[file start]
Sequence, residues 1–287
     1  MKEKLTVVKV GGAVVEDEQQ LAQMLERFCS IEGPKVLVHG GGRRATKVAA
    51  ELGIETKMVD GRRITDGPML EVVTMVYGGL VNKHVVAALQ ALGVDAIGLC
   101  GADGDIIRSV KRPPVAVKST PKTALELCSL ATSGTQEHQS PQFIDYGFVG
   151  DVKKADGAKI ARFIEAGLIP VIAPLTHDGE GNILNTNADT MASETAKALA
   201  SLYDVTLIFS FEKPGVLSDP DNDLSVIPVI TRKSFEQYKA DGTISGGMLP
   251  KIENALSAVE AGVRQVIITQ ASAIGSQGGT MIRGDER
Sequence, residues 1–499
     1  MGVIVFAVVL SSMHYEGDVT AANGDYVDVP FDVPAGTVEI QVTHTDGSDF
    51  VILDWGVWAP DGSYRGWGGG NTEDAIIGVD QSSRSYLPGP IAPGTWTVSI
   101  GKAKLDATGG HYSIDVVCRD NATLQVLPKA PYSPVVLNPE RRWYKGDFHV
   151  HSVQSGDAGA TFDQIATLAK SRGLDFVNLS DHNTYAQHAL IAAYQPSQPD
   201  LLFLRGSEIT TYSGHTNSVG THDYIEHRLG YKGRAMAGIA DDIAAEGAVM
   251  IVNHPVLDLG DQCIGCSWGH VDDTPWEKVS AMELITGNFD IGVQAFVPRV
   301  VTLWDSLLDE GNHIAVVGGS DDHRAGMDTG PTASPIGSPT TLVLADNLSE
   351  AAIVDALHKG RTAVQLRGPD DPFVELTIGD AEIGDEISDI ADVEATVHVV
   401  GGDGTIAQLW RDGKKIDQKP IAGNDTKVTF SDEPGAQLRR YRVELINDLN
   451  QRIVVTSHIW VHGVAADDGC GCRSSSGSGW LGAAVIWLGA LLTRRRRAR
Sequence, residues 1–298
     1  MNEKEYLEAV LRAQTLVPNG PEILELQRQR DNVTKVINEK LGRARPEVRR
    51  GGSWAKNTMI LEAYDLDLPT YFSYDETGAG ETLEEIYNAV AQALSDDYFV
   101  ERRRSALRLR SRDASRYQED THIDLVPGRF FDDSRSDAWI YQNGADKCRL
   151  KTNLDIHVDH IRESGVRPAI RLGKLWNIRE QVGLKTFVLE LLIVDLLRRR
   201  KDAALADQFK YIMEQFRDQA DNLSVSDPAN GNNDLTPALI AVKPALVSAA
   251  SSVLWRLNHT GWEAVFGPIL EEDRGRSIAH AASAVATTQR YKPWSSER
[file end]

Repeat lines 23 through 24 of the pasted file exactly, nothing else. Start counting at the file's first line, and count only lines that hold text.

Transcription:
   151  KTNLDIHVDH IRESGVRPAI RLGKLWNIRE QVGLKTFVLE LLIVDLLRRR
   201  KDAALADQFK YIMEQFRDQA DNLSVSDPAN GNNDLTPALI AVKPALVSAA